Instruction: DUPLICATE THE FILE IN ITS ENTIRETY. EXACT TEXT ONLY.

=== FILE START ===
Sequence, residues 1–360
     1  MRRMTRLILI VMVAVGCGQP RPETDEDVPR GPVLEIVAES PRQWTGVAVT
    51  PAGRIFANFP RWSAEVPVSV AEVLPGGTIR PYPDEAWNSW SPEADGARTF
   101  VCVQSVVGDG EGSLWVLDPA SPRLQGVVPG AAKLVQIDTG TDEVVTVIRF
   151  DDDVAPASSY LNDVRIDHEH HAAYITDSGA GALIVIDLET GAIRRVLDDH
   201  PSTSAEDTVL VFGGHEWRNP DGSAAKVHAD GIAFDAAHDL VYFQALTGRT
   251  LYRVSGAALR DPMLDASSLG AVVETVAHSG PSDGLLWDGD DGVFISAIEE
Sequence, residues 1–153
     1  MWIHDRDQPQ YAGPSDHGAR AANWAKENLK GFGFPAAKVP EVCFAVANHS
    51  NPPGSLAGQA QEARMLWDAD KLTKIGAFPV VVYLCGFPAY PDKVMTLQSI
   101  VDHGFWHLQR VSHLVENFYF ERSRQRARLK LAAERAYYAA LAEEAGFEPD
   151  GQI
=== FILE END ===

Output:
Sequence, residues 1–360
     1  MRRMTRLILI VMVAVGCGQP RPETDEDVPR GPVLEIVAES PRQWTGVAVT
    51  PAGRIFANFP RWSAEVPVSV AEVLPGGTIR PYPDEAWNSW SPEADGARTF
   101  VCVQSVVGDG EGSLWVLDPA SPRLQGVVPG AAKLVQIDTG TDEVVTVIRF
   151  DDDVAPASSY LNDVRIDHEH HAAYITDSGA GALIVIDLET GAIRRVLDDH
   201  PSTSAEDTVL VFGGHEWRNP DGSAAKVHAD GIAFDAAHDL VYFQALTGRT
   251  LYRVSGAALR DPMLDASSLG AVVETVAHSG PSDGLLWDGD DGVFISAIEE
Sequence, residues 1–153
     1  MWIHDRDQPQ YAGPSDHGAR AANWAKENLK GFGFPAAKVP EVCFAVANHS
    51  NPPGSLAGQA QEARMLWDAD KLTKIGAFPV VVYLCGFPAY PDKVMTLQSI
   101  VDHGFWHLQR VSHLVENFYF ERSRQRARLK LAAERAYYAA LAEEAGFEPD
   151  GQI